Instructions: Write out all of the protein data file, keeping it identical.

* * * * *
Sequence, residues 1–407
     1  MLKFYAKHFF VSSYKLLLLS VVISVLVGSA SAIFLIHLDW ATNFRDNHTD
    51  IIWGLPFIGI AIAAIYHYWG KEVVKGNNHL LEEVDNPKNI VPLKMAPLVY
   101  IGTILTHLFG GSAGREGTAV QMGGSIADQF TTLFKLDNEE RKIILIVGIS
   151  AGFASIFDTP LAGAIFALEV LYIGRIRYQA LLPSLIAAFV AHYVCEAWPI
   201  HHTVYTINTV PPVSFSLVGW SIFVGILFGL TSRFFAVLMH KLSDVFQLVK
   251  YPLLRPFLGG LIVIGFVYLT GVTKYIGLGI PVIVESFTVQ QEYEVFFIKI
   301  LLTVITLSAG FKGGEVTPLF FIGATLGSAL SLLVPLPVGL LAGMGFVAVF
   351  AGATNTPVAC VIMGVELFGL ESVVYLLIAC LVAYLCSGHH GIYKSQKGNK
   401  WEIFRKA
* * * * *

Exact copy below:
Sequence, residues 1–407
     1  MLKFYAKHFF VSSYKLLLLS VVISVLVGSA SAIFLIHLDW ATNFRDNHTD
    51  IIWGLPFIGI AIAAIYHYWG KEVVKGNNHL LEEVDNPKNI VPLKMAPLVY
   101  IGTILTHLFG GSAGREGTAV QMGGSIADQF TTLFKLDNEE RKIILIVGIS
   151  AGFASIFDTP LAGAIFALEV LYIGRIRYQA LLPSLIAAFV AHYVCEAWPI
   201  HHTVYTINTV PPVSFSLVGW SIFVGILFGL TSRFFAVLMH KLSDVFQLVK
   251  YPLLRPFLGG LIVIGFVYLT GVTKYIGLGI PVIVESFTVQ QEYEVFFIKI
   301  LLTVITLSAG FKGGEVTPLF FIGATLGSAL SLLVPLPVGL LAGMGFVAVF
   351  AGATNTPVAC VIMGVELFGL ESVVYLLIAC LVAYLCSGHH GIYKSQKGNK
   401  WEIFRKA